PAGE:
Pin It

News Quirks (7/22/15) 

Curses, Foiled Again

Police who accused Alexander Katz, 19, of stealing a car in Logan, Utah, said he and his girlfriend had to abandon the vehicle and call a cab because he didn't know how to drive a stick shift. The car's owner spotted the vehicle being driven off and called police, who found Katz and his girlfriend waiting outside a nearby convenience store for their cab. Police Chief Gary Jensen said that although Katz couldn't drive a stick shift, his girlfriend could and was giving him directions while they tried making their getaway. "I'm not 100 percent certain why she doesn't just get around and get in the driver's seat so they can take the car and use it," Jensen said. (Atlanta Journal Constitution)

A shoplifting suspect in Okaloosa County, Fla., managed to evade sheriff's deputies chasing him but only after his car hit several mailboxes, which ripped off the car's entire rear bumper. The license plate was attached. Deputies traced the plate to Devin Ramoe Stokes, 20, who told them he was sorry for the deed and the damage. (Northwest Florida Daily News)

Ablution Solution

Spas in Japan now offer ramen noodle baths. The baths are filled with ramen pork broth and synthetic noodles. Soaking in the broth is said to be good for the skin and to boost metabolism. "Lately people are very concerned about having beautiful skin, and they know the effect of collagen, which is contained in our pork-based broth," said Ichiro Furuya, owner of the Yunessan Spa House in Hakone. (TIME)

Private Justice

Los Angeles County authorities charged David Henry, Tonette Hayes and Brandon Kiel with impersonating police officers after the three showed up, two of them in uniform, as a "courtesy call" to inform sheriff's Capt. Roosevelt Johnson they were from the Masonic Fraternal Police Department and setting up operations in the area. The agency's website claims jurisdiction in 33 states and Mexico and, through the Knights Templar, traces the department's roots back 3,000 years. "When asked what is the difference between the Masonic Fraternal Police Department and other police departments, the answer is simple for us," the website says. "We were here first." Henry, 46, identifies himself as "Chief Henry 33," and the website refers to him as "Absolute Supreme Sovereign Grandmaster." Johnson said the purpose of the purported police department is unclear. (Los Angeles Times)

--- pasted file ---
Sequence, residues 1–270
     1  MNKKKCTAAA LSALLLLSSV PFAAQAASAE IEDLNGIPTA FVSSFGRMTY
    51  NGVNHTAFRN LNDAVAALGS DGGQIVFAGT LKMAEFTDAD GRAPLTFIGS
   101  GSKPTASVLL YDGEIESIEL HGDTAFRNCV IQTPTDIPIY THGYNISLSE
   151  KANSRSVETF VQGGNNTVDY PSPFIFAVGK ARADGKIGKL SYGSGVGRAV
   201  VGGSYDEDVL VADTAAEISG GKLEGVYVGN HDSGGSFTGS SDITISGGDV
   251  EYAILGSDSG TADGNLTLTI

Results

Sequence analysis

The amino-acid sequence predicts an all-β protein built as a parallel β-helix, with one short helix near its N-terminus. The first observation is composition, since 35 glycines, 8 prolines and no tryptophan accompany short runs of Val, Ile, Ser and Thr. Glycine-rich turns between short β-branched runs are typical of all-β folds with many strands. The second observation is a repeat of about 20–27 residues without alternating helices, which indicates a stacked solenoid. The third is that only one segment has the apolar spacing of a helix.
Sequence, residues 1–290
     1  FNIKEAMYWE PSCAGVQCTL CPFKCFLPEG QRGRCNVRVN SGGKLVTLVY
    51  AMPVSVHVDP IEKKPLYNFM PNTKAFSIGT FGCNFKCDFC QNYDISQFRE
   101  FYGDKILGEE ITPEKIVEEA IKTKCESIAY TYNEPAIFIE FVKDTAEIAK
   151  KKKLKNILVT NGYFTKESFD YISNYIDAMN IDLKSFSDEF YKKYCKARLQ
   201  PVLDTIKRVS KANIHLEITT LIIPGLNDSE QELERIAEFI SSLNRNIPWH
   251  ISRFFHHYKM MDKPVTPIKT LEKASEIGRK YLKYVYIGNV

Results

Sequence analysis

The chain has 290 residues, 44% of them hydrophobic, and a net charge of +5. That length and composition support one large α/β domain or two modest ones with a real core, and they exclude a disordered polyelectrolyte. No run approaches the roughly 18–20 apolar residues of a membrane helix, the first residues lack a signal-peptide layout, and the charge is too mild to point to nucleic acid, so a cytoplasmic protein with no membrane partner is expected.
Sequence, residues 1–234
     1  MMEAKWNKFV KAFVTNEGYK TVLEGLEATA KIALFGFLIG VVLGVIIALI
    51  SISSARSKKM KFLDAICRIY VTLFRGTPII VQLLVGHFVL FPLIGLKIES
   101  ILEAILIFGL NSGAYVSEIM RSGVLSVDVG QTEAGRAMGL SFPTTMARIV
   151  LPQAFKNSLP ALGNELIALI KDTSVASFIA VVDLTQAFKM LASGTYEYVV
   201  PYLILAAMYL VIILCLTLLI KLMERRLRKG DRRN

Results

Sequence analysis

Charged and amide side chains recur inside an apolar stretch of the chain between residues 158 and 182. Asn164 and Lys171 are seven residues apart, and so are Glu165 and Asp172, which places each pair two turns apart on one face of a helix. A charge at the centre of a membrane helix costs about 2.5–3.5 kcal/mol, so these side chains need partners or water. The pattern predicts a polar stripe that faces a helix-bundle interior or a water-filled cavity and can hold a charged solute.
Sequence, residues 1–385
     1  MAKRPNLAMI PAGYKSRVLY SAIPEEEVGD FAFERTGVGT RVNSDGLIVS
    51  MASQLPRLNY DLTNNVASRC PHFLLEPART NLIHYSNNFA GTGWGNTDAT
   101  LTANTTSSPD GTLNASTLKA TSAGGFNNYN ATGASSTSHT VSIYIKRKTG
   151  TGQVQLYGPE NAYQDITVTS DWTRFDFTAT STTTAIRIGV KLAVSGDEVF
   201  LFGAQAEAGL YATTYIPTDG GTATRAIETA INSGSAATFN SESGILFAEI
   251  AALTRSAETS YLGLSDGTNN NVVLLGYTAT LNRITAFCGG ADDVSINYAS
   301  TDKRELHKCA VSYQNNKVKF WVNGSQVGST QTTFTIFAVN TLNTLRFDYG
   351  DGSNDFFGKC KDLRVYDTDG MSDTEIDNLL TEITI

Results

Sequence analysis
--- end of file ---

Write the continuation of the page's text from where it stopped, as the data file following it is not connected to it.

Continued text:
Sign of the Times

Utah Valley University has designated a lane for texting on the stairs of its Student Life & Wellness Center. Two other dedicated lanes, distinguished by neon-green stripes, are for walkers and runners. Amy Grubbs, the school's director for campus recreation, acknowledged that not every texter sticks to the lane, noting some "don't even see it because they're so consumed in their phones." (ABC News)


Iran has launched a state-supported matchmaking website. Deputy Minister of Youth Affairs and Sports Mahmoud Golzari cautioned that Find Your Equal is not a dating site. Its goal is to produce 100,000 new marriages in the coming year. "We have high demand for marriage and 11 million [young single adults] who are increasing every day," Golzari said. Marriages are necessary to overcome Iran's declining birthrate, according to the government, which last year banned vasectomies and permanent birth control measures in women. Officials, including supreme leader Ayatollah Ali Khamenei, have publicly urged couples to have more babies to repudiate "undesirable aspects of Western lifestyles." (Washington Post)

Short Fuses

Haden Smith, 18, demanded that his mother intervene to mend his relationship with his girlfriend and threatened to kill her chickens if she didn't. Deputies in Limestone County, Ala., said Smith vowed he'd kill a chicken every 15 minutes and gave her a deadline of noon. When the deadline passed, he started sending her picture messages of each dead chicken. He got to six before deputies arrived and arrested him. (Tribune Media Wire)

Tired of waiting at a hospital's emergency room in Morganton, N.C., Katlyn Milligan, 20, set off the sprinklers, resulting in "copious amounts of water" pouring down, according to the police report. Milligan, who was waiting for a relative to be treated, said that after two hours, she couldn't wait any longer, so she went into a bathroom and held her lighter to the sprinkler. Cleanup delayed ER operations another two hours "at the busiest time of the day," Nursing Administrator David Everhart said. Milligan herself had to be taken to the ER to check for effects from exposure to the sprinkler's stagnant water. After she was released, police arrested her. (New York Daily News)

Got something to say? Send a letter to the editor and we'll publish your feedback in print!

Pin It

More by Roland Sweet

About The Author

Roland Sweet

Roland Sweet is the author of the syndicated column "News Quirks," which appears weekly in Seven Days.


Subscribe to this thread:

Add a comment

Seven Days moderates comments in order to ensure a civil environment. Please treat the comments section as you would a town meeting, dinner party or classroom discussion. In other words, keep commenting classy! Read our guidelines...

Note: Comments are limited to 300 words.

Latest in News Quirks

Social Club

Like Seven Days contests and events? Join the club!

See an example of this newsletter...

Keep up with us Seven Days a week!

Sign up for our fun and informative

All content © 2016 Da Capo Publishing, Inc. 255 So Champlain St Ste 5, Burlington, VT 05401
Website powered by Foundation